Prepare /header-mkdocs.yml

As explained before, the /header-mkdocs.yml file is used to generate the /mkdocs.yml file which is by ReadTheDocs to create the documentation site.  For the most part you can take the /header-mkdocs.yml file from the AutoDocumentationExample project and modify it for your needs. Just remember that any changes you make to /mkdocs.yml will be overwritten by the build process. Any changes you want to make should be made to the /header-mkdocs.yml instead.

For full documentation on mkdocs.yml, you can read more here: http://www.mkdocs.org/user-guide/configuration/

If you just want to grab, modify, and go, here are some of the lines and what they mean
  • site_name is used to create the name or tile of the documentation site
  • repo_url contains the link to the project repository on GitHub
  • site_author is the Name of the person, persons, company, or organization responsible for the project
  • edit_url is a relative path from the URL defined in Repo_url to edit items. This will be used for construction “edit this page” type links. This is very useful for all of your pages that are not automatically generated by PlatyPS.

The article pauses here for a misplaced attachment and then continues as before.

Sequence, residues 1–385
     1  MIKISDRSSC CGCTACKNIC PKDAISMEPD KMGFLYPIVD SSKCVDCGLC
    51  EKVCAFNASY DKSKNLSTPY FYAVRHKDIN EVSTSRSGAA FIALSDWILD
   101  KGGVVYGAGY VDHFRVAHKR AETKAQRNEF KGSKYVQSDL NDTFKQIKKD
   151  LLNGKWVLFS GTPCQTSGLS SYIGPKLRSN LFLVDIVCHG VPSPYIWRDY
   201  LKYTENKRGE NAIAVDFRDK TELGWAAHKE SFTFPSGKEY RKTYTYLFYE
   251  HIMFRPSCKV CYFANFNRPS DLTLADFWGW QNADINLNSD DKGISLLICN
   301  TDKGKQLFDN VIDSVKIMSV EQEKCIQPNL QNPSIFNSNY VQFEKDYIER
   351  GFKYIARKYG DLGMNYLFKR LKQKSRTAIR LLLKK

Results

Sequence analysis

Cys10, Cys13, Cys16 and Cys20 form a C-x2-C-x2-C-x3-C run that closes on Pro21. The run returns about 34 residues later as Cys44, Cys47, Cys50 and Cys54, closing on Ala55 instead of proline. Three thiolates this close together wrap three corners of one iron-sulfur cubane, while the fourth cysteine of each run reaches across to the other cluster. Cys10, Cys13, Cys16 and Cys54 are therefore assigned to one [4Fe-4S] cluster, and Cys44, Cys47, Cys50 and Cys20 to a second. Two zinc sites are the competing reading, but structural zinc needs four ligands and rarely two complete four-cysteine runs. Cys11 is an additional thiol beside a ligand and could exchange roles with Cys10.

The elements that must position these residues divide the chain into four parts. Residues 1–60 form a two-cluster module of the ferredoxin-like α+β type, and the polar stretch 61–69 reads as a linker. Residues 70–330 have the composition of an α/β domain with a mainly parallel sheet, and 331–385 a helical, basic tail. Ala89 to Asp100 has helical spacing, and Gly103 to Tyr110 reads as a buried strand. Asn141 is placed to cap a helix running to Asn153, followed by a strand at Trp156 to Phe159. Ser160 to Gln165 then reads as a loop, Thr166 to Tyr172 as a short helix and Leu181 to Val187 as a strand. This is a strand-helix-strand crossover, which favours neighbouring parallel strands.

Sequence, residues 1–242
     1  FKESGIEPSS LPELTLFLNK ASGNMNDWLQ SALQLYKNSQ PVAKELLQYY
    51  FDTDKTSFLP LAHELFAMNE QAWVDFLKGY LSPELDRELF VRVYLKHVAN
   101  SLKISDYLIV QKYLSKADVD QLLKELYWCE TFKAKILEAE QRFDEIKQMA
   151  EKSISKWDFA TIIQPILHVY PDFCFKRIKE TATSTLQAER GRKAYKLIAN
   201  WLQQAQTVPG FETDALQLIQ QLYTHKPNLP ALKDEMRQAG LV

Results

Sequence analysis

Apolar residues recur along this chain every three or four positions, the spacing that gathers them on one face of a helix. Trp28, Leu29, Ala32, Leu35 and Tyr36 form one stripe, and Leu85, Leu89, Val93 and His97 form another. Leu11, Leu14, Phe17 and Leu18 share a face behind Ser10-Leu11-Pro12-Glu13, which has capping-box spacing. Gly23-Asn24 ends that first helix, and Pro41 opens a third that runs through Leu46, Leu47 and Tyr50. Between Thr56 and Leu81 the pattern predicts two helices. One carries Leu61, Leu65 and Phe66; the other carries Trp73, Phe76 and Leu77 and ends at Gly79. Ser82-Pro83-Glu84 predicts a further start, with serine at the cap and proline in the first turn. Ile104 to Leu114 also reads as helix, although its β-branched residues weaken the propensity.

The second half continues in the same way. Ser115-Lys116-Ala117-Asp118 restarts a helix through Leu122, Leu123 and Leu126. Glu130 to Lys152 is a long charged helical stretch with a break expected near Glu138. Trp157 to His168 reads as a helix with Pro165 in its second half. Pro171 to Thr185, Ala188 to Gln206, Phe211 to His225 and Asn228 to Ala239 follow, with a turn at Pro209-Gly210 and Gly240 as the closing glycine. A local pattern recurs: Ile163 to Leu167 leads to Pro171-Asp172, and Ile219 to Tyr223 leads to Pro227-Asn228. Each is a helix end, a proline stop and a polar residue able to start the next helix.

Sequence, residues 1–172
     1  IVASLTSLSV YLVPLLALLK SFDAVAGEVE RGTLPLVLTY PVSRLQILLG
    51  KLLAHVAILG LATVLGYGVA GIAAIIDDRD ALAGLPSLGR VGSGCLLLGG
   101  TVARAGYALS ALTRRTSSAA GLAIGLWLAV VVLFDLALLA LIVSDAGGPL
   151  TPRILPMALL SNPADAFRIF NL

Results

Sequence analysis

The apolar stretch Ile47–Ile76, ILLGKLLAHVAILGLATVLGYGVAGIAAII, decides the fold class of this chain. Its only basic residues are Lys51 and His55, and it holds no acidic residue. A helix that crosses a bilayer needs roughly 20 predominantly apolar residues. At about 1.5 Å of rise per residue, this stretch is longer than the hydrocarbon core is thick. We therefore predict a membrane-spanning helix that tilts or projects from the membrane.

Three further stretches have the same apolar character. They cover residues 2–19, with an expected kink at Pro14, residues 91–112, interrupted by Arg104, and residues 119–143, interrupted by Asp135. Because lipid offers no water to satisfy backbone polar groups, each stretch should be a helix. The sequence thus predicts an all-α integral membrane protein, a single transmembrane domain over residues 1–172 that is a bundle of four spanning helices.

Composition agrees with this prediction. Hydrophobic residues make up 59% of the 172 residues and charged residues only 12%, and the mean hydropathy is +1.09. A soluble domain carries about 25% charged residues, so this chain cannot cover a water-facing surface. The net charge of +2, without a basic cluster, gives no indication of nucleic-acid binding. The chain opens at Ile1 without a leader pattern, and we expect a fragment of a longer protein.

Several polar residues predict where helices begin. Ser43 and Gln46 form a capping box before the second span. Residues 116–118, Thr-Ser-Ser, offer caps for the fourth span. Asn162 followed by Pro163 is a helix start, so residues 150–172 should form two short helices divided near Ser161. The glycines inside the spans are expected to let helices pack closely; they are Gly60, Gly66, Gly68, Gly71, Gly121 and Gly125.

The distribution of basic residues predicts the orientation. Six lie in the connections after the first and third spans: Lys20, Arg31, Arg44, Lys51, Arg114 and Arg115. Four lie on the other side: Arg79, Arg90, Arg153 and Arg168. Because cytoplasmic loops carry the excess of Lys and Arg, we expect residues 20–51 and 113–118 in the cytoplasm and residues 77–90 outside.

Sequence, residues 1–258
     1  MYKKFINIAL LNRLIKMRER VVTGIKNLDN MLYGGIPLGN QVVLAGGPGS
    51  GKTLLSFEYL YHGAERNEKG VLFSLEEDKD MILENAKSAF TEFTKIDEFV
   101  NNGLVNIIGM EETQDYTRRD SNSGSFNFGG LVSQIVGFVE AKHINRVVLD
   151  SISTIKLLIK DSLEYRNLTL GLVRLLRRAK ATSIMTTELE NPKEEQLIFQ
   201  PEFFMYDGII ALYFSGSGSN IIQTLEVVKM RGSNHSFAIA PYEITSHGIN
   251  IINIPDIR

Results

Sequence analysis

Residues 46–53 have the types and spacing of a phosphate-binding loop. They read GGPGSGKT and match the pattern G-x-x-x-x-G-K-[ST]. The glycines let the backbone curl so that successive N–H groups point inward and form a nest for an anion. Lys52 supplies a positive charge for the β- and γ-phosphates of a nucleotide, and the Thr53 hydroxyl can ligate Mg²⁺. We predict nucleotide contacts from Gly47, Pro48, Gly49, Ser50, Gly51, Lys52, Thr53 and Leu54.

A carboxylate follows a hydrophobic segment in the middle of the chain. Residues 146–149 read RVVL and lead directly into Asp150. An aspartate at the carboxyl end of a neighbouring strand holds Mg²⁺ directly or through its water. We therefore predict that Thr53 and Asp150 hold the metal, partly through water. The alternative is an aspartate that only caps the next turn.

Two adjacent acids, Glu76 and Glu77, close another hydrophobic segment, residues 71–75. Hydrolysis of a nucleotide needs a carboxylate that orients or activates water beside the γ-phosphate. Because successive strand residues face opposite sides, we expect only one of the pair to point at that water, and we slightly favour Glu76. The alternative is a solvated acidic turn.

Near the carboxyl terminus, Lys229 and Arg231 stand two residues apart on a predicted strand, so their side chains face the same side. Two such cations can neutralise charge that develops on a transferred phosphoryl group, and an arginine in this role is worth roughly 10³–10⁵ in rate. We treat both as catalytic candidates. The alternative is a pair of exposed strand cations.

• copyright contains a line about the copyright notices for the project and documentation.
site_nameAutoDocumentsExample - Write The FAQ ‘n Manual
site_authorMark Kraus
copyright"AutoDocumentsExample is licensed under the <a href="https://github.com/markekraus/AutoDocumentsExample/raw/master/LICENS">MIT license</a>"


Themes can be used to change the look and feel of your documentation site. ReadTheDocs comes with 2 built-in themes: mkdocs and readthedocs. You can see the themes and read more about styling at http://www.mkdocs.org/user-guide/styling-your-docs/